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Yachting the Greek Islands

11:30 AEST Thu Jul 29 2010
Cruising the Greek Islands on a private chartered yacht is, for most of us, just a dream, but as Dermott discovered, gather a group of friends and it could be a reality. With long, hot summers and the stunning natural beauty of its waters, Greece has long been known as a yachting paradise.

Dermott rented a 12.8 metre yacht out of Athens and sailed through the Aegean Sea. No one in the group was a sailing expert, so they went the extra drachma and hired skipper Akis Papadopolous who guided them safely around the islands on Oceanis 411. It has four cabins and sleeps up to eight.

The idea is that you tell the captain what your wishes are and he plans an itinerary around that.


Part of the Saronic Islands, Poros ticked a few boxes and everyone delighted in the three-hour sail to reach it. On approach you will see the island's historic clock standing on the top of a hill amongst prickly pears and pine trees. It was built in 1927 and is the jewel of Poros.

It has rugged shores and sandy beaches and houses by the sea are large and neo-classical. There are many small taverns, cafes, bars and discos, so there's plenty to do ashore. There's an archaeological museum and library in the centre of town and an open-air cinema on the beach.

Half-an-hour's bike ride will take you to Palatia and the sixth century Temple of Posidonas. Entry is free and the scenery is rewarding.

There are plenty of beaches to enjoy — Kanali, Askeli, Monastiri, Vagionia, Russian Dockyard Bay, Neorio, Love Little Port and Lemon Forest. Each offers something different — fishing, swimming, tavernas, cafes — but all share typical Mediterranean beauty.


Hydra is said to be one of the prettiest Aegean islands. Brilliant white houses with red-tiled roofs and brightly coloured woodwork are sprinkled over two rugged hills, separated by paved streets and alleys. Lying between Poros and Spetses, near the coast of the eastern foot of the Peloponnese, Hydra has many 19th century mansions built by wealthy ship owners and merchants. It was a popular artist destination in the 1960s and has kept its cosmopolitan character.

It's all highly protected and laws prohibit new construction which is not according to traditional and authentic colour and style. Motorised vehicles are forbidden and where transport is needed, donkeys and mules are used.

Not known for sandy beaches, Hydra does offer great swimming off its rocky coast.


This small island is very popular and if you are heading to it on a weekend, get in early. Dermott reckons be there by midday on Friday! People flock there for its wonderful beaches, secluded bays and rich vegetation. Villages are beautiful and authentic and the capital is architecturally charming with two-storey neo-classical houses with wooden balconies and coloured walls, and narrow, stone-paved alleys.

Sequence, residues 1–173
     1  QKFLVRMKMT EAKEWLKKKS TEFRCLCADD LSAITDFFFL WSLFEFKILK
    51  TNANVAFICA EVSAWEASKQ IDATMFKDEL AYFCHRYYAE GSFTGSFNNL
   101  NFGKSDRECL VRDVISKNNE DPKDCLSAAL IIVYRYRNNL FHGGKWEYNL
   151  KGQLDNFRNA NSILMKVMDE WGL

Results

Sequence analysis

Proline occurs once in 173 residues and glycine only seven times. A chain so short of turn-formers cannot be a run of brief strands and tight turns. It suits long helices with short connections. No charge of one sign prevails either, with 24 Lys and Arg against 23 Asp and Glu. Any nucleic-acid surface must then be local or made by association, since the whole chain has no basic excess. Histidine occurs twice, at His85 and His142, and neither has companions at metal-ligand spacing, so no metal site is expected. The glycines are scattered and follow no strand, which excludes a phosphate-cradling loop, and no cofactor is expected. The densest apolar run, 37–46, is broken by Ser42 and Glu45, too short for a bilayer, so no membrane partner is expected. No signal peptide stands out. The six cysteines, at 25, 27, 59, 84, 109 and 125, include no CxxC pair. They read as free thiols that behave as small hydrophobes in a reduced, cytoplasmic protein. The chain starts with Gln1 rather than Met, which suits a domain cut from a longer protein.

Renting your own yacht is more fun than staying in a hotel, and you will probably get to see more of the islands and linger longer at the ones you really love.


Cruising around Greece's Saronic Islands.


Greece and Mediterranean Travel Centre has seven-day yacht hire from Athens starting at $2999 or $375 per person, based on a group of eight. A skipper costs $220 a day. They also depart from Lavrion, Samos, Kos, Rhodes, Corfu, Lefcas, Skiathos and Syros. VAT, petrol, linen, dinghy and outboard engine are all included. They operate year round.

Prices correct at July 29, 2010.

For more information

Greece and Mediterranean Travel Centre Suite 2
644 Botany Road
Alexandria 2015
Ph: (02) 93134633
Fax: (02) 93134475

Visas: Australian passport holders do not require a visa to enter Greece.

Electricity: 220v 50hz electricity. Two- and three-point plugs are used.

Time zone: Athens time is GMT +3.

Currency: The euro.

Telephone code: +30.


Travellers should be 'in date' for the standard Australia and New Zealand immunisation schedules. Depending on the time of year of travel and exact destination, other health precautions and preventions may be recommended and are best discussed with your doctor. For further information visit

User comments
Nice story - but typically predictable. I recently travelled to Greece and discovered a bit of a secret. They have a saying in Greece - 'the south is for the tourists, the north is for the Greeks!' Travelling through the northern Province of Macedonia (not to be confused with the Former Yugoslav Republic) in northern Greece, starting from Thessaloniki, I was amazed at the beautiful churches (such as the church of St Demitrious - that is still being restored after being used for Centuries as a Mosque by the Ottomans - restorations revealing golden mosaics from the 3rd and 4th century that were plastered over for centuries) and ancient archaeological sites (such as the UNESCO World Heritage listed tombs of the Macedonian Kings - including Alexander the Greats Father - at Vergina, and Dion - the ancient religious city of the Macedonians and site of the nothern Olympic games) that were empty of tourists. These sites rivalled anything in the south but appeared almost forgotten.

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